Cape May land birds

Cape May was not all about shorebirds and horseshoe crabs. There is quite a variety of habitats on this little peninsula, making the spring migration a veritable paradise for birders. During our four days in Cape May we saw or heard 120 different species of birds.

Gail in Cape May

We stopped at several places to look for warblers and other migrants. Several gave us photo ops!

For me, my favorite bird of this trip was the Prairie Warbler. We had several very good looks at this bird, probably because it’s not just passing through. It actually nests in this area. Here is a nice pic:

Prairie Warbler

Here are a few of the birds who cooperated for pictures:

Blackburnian Warbler:

Blackburnian Warbler

Summer Tanager:

Scarlet Tanager

Eastern Kingbird:

Eastern Kingbird

A Blue-gray Gnatcatcher in its beautiful, camouflaged nest:

Blue-gray Gnatcatcher in nest

And the winner of the Most Cooperative Bird Award was the Great-crested Flycatcher. We saw and heard it a lot! Here are several pics:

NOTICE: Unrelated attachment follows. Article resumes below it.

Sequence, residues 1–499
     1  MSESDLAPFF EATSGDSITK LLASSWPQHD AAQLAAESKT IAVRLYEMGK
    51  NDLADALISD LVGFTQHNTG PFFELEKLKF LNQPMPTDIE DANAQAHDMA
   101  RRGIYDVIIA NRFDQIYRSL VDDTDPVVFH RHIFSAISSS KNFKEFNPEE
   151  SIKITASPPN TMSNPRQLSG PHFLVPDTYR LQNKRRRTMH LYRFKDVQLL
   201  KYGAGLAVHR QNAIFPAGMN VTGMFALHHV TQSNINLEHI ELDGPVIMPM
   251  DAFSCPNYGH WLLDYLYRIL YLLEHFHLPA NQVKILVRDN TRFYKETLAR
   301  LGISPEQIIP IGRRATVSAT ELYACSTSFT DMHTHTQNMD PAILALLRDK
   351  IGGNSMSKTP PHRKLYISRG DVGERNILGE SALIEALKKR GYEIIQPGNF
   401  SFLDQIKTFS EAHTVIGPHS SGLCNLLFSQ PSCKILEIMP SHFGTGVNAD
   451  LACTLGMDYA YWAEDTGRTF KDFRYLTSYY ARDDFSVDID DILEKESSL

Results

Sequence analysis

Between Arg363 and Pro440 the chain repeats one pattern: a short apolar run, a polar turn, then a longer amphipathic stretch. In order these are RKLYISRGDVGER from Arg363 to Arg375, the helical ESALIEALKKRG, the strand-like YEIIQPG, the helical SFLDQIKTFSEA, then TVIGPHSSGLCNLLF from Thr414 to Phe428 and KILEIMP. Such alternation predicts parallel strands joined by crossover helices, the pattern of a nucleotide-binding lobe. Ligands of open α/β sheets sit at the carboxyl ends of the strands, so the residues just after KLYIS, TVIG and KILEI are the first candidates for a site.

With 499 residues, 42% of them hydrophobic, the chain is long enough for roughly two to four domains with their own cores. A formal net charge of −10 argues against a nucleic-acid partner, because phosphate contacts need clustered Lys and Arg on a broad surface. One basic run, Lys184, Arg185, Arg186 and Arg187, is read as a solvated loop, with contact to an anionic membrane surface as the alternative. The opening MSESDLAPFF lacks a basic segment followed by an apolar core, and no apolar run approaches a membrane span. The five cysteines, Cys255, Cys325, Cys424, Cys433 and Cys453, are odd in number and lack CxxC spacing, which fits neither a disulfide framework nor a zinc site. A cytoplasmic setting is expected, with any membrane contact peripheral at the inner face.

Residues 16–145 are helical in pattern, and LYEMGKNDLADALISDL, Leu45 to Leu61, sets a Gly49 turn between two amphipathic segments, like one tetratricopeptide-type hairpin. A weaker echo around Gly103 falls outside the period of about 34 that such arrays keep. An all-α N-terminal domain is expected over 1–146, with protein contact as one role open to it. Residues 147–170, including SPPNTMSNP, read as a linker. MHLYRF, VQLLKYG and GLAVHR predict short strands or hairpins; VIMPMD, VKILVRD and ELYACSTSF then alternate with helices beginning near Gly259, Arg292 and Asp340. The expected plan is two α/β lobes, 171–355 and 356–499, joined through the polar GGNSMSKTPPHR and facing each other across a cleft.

Great-crested Flycatcher1 Great-crested Flycatcher.2 Great-crested Flycatcher.3 Great-crested Flycatcher.4

We also saw or heard a number of birds, including Indigo Bunting, in the open grassy fields.

Your basic Field Sparrow:

Field Sparrow

And a beautiful Blue Grosbeak in its full breeding plumage:

Blue Grosbeak

This is but a small fraction of what we saw or heard. Cape May is not the easiest place to get to, but I’d say it’s definitely worth the trip, especially in the spring during migration. I understand that the fall migration, especially hawk/raptor watching is also spectacular here. We might just have to make a fall trip here one of these years! 🙂


4 thoughts on “Cape May land birds”

  1. Well you certainly look like you had the time of your lives. Good for you. Those birds are mostly unfamiliar to me as we don’t have many of them here. Not that I’ve ever seen.

    Have a terrific day. Big hug to you and Princess Gail. 🙂

    1. I bet they are unfamiliar birds to you, just like your western birds would be unfamiliar to us. We’re thinking about a fall trip to Texas to catch the western birds migrating south. That would be our first real effort to observe the birds that live west of the Rockies.
      Have a great day, Sandee, and say hi to Zane!

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